Limoncello Cheesecake For My Birthday

Michelle made me an awesome cheesecake for my birthday. With lemon juice and limoncello liquor, it was amazingly creamy and lemony and off the hook delicious.

This makes a lot of cheesecake – it almost overfilled a 10″ springform pan. You could use two store bought graham cracker pie shells, instead. If you’re making your own crust, it will take 1 1/2 cups graham cracker crumbs mixed with 5 tablespoons of melted butter to coat the bottom of the well buttered pan.

Because this is a low and slow method of cheesecake cookery, do not use a water bath in the oven.

 

Limoncello Cheesecake

4 packages cream cheese, room temperature
1 1/2 cup sugar
5 eggs
1/2 cup all purpose flour
1 cup 2% Greek yogurt (we used Fage)
1/4 cup freshly squeezed lemon juice
1/2 cup limoncello liquor
1 tablespoon finely chopped lemon peel
1 1/2 teaspoon vanilla extract

Preheat oven to 200 degrees F.

Whip the cream cheese until smooth and fluffy. Add the sugar and mix to combine. Add in the eggs, one at a time. Beat in the flour and yogurt. Slowly mix in the lemon juice and limoncello. Add in the vanilla extract and lemon peel.

Pour batter into the prepared pan. Place in the oven and bake for 3 hours.

Remove from oven and crank the heat to 500 degrees F. Place the cheesecake back in the oven for 5 to 10 minutes to brown the top. Turn off the oven and crack the door and let the cheese cake cool down for 30 minutes. Then run a knife along the edge to release from the pan and cool on the counter for another 30 minutes before putting it in the refrigerator for at least 3 hours before releasing the sides of the pan.

Graham’s Fish Camp

On Highway 588 in Collins, Mississippi there is a small restaurant that does a booming business on Thursday, Friday and Saturday nights. Only open from 3 to 9 on those nights, Graham’s Fish Camp is packed the entire time.

689 Highway 588. Collins, MS 39428

They start you out with a huge bowl of coleslaw while you look over the menu, although most folks seem to already know what they like. From looking at the other tables, catfish (Mississippi farm raised) was a heavy favorite.

We started with fried dill pickles and onion rings. One of Elvis’ favorite snacks, the dill pickle chips are battered in cornmeal and quite crunchy and tart. The onion rings were thick and hand battered. The baskets are huge, so I’d recommend the half portion sizes.

I had the fried shrimp platter – 12 shrimp, 3 hushpuppies and a mess of French fries. Crunchy batter on flavorful shrimp – quite tasty. The house made tarter sauce was tart and creamy.

Michelle had chicken tenders plus a catfish filet. Thin sliced with a delicious cornmeal batter, it was fresh and clean tasting. I can tell why so many people come here.

They end the meal with soft serve ice cream and your choice of toppings. For as busy as they are, the wait staff is friendly and quick with refills on the drinks and to check to make sure you don’t need anything else. The cost is quite reasonable, too – for under $20 a piece, we had a huge amount of great food. Definitely worth a visit.

La Boca

My parents are in town for my birthday weekend and we went out to La Boca for steaks to celebrate. I’m so glad we did!

I started with a pisco sour – more Peruvian than Argentinian but, close enough! It was very good, nice and limey.

Dad went for the 14 ounce New York Strip. It was cooked to medium rare and he ate more of it than he expected, it was so tender.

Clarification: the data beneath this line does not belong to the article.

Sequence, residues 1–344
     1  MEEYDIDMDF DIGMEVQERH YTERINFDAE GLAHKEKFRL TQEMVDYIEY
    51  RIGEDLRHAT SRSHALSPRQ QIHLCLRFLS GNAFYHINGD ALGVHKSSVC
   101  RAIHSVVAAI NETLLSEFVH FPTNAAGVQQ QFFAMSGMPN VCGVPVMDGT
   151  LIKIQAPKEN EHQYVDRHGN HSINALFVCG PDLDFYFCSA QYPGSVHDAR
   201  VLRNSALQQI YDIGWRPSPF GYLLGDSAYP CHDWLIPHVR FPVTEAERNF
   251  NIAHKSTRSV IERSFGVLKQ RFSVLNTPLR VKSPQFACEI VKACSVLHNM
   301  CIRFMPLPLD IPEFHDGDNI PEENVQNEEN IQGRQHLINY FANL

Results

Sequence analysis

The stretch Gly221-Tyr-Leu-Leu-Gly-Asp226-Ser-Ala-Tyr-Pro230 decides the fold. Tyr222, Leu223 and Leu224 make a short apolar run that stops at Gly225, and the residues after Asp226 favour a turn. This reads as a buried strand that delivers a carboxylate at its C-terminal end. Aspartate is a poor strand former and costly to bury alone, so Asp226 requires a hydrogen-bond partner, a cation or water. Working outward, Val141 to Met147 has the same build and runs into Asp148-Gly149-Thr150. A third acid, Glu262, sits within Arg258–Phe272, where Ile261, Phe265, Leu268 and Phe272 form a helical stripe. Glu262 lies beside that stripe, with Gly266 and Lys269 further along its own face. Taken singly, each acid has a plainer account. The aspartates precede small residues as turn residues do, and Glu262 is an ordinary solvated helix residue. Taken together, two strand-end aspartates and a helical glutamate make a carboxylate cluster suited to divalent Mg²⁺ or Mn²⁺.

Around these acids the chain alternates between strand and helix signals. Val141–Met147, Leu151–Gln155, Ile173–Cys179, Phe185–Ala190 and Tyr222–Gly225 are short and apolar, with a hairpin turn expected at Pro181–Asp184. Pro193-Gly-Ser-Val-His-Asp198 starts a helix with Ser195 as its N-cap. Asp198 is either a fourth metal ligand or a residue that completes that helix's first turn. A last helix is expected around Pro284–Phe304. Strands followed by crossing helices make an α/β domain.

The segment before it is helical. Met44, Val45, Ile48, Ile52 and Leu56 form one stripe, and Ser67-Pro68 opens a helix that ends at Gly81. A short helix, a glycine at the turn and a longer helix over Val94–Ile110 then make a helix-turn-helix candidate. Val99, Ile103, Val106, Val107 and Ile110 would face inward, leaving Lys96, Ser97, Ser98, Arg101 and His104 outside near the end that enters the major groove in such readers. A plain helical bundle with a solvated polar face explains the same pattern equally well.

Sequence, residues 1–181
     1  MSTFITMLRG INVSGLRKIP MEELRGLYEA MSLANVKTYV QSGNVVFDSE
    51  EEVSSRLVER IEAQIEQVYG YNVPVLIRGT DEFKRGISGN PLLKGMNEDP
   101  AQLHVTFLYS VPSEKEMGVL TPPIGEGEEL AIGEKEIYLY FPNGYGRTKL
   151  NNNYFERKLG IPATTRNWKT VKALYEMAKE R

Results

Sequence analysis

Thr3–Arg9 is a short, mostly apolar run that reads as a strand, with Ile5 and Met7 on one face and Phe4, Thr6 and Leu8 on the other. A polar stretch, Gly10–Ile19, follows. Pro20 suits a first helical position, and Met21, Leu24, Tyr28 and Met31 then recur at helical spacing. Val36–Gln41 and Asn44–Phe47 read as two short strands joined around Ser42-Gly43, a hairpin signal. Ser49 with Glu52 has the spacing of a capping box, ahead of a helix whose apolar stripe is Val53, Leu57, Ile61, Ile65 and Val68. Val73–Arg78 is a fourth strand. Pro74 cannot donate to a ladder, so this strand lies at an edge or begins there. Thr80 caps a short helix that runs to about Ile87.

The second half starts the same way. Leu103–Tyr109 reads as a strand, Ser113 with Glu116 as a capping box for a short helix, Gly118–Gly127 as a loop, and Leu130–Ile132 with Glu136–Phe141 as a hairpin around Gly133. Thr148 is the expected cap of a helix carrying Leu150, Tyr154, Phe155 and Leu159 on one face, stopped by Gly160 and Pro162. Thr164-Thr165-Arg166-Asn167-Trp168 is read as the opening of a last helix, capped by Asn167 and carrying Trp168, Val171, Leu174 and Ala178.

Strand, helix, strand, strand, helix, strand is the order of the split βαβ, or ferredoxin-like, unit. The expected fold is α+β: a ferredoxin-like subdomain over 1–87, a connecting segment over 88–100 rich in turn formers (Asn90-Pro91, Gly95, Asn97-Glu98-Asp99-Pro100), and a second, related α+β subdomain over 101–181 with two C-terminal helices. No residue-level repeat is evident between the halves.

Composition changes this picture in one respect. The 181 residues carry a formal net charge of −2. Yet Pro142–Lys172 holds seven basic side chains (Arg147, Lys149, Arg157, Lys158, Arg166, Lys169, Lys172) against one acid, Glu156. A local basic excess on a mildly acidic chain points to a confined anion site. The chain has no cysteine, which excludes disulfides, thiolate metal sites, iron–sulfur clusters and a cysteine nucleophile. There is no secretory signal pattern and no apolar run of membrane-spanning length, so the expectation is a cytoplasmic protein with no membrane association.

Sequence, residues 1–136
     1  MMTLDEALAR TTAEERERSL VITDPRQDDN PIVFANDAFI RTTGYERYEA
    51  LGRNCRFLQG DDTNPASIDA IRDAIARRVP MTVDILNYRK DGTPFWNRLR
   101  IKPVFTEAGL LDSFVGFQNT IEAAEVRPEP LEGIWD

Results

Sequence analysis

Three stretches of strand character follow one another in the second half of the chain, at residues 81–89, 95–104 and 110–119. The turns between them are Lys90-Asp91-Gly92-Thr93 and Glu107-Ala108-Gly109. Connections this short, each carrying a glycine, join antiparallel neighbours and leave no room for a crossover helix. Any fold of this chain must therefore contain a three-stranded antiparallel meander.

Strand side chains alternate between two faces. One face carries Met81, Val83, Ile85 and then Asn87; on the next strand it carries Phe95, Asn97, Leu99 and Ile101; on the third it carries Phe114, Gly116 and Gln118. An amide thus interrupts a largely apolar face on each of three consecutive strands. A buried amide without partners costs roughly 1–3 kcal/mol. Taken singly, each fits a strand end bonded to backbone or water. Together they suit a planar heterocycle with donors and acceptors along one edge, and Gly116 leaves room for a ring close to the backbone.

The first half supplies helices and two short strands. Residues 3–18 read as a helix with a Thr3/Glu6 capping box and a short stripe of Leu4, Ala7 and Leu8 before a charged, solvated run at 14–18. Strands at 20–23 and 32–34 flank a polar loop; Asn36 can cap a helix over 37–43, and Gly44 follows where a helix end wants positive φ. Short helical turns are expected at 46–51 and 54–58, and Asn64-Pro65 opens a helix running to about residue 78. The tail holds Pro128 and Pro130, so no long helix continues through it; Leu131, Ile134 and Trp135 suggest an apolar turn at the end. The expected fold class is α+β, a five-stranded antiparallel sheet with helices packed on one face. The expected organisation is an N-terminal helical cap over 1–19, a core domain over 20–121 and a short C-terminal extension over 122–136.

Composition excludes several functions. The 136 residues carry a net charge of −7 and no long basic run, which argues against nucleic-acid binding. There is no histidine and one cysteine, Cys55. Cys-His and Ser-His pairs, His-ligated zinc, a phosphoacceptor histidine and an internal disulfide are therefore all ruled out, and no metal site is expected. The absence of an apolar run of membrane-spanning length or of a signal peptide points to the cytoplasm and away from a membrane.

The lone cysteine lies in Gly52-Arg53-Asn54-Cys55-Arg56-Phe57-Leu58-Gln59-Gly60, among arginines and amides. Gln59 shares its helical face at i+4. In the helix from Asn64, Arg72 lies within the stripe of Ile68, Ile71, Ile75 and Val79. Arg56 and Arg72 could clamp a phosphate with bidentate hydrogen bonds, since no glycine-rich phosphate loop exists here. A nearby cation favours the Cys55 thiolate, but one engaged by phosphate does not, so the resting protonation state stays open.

Mom and I splurged on the 24 ounce cowboy cut Ribeye Steak – it was ordered rare and came out nearly blue. One of the few times I haven’t had rare steak come out more medium than rare. So nice and tender, there was no talking, only moans as we chewed.

As you can see, we only had a little left on the bone at the end. Just perfect to take home in a doggy bag. Not that my dog got to gnaw on it until I had done so!

Accompanying the meat were some super good mashed potatoes. Creamy and buttery, it was some of the best I’ve eaten that I didn’t make myself.

As it was my birthday, the waiter brought me a piece of flourless chocolate cake. So very dark and delicious.

We also shared some dulce de leche ice cream. Decadently smooth and rich. I could see myself stopping by the restaurant just for the ice cream.

This is the top rated Zagat steakhouse in New Orleans and it shows. The cuts of meat were cooked perfectly and the portions sizes were immense. The waiter was very knowledgeable about the wine list and helped us find perfect pairings with some glasses of Malbec. I highly recomend La Boca.

Jo Bob’s of Grand Isle

My parents and I took the scenic drive down Louisiana Highway 1 to Grand Isle. We stopped at the Grand Isle State Park to read more about Jean Lafitte (pirate, privateer and patriot) and to watch the pelicans and seagulls fight to fly across the strong wind currents off the gulf.

On our way out of town we stopped at Jo-Bob’s Gas and Grill for burgers.

The burgers are 100% beef and made to order. Mom got the Jo-Bob burger with mushrooms and bacon and melty cheese with the seasoned fries. Very tasty burger and I ended up eating part of hers! Mine was the basic cheeseburger. Very good and meaty.

Dad ordered the cheddar burger and and it was deliciously cheesy.

They don’t have many tables upstairs but do offer free drink refills. Very friendly staff and a menu of more than just burgers. Definitely worth a stop after a day on on the beach.

 

 

Sourdough Sandwich Bread

I’ve been looking for a bread I can use to make sandwiches – not too heavy, a little sweet and with a soft texture. I found this recipe in James Beard’s book Beard on Bread (pg 37). It was the first book I ever owned on bread baking and I just had to adjust the recipe a little to use my sourdough starter. Because I only wanted a mild sour flavor, I only let the sponge sit overnight on the counter – a little under 12 hours.

Sourdough Sandwich Bread

Sponge:
1 cup unfed sourdough starter
2 cups bread flour
1 cup water